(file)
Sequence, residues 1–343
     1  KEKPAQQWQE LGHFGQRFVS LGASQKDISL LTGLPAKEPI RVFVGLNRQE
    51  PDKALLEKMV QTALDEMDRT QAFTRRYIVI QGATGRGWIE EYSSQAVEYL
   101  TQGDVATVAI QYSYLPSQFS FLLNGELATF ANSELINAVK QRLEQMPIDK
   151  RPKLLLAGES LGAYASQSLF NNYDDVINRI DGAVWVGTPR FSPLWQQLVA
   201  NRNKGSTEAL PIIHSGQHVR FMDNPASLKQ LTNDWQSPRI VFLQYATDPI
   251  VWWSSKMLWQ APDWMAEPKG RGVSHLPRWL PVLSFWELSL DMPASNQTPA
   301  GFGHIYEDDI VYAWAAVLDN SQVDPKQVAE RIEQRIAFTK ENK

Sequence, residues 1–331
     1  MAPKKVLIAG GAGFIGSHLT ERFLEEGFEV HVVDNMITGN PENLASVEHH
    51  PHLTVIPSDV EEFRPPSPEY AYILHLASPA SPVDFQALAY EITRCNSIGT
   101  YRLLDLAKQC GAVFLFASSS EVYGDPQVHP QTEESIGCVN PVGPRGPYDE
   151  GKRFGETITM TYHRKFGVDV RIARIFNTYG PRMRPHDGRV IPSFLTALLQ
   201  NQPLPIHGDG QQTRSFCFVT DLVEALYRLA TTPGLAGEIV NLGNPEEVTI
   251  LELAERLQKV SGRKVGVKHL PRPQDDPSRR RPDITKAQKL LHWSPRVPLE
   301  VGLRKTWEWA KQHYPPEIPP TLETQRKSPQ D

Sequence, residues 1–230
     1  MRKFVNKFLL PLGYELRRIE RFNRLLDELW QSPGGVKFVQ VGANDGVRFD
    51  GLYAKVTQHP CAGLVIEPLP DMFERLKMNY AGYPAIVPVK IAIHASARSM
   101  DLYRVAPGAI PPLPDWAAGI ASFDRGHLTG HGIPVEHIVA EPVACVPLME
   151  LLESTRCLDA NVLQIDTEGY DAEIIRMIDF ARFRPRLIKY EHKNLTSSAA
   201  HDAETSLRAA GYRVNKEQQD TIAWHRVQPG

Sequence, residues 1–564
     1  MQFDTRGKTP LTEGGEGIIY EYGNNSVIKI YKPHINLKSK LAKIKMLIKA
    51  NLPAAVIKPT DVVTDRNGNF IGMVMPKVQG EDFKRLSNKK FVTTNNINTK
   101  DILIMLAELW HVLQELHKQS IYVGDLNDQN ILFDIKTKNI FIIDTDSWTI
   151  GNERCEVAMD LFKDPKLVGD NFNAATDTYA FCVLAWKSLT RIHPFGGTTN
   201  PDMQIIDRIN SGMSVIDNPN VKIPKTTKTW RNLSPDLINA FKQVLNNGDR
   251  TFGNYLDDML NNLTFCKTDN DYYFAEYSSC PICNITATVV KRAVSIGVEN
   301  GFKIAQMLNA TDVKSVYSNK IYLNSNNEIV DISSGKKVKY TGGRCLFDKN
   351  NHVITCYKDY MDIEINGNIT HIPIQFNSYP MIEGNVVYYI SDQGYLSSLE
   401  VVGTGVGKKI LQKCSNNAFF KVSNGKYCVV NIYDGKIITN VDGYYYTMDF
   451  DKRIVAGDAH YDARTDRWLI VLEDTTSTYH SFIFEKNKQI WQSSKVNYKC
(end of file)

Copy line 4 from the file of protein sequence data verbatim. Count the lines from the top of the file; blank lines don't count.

   101  TQGDVATVAI QYSYLPSQFS FLLNGELATF ANSELINAVK QRLEQMPIDK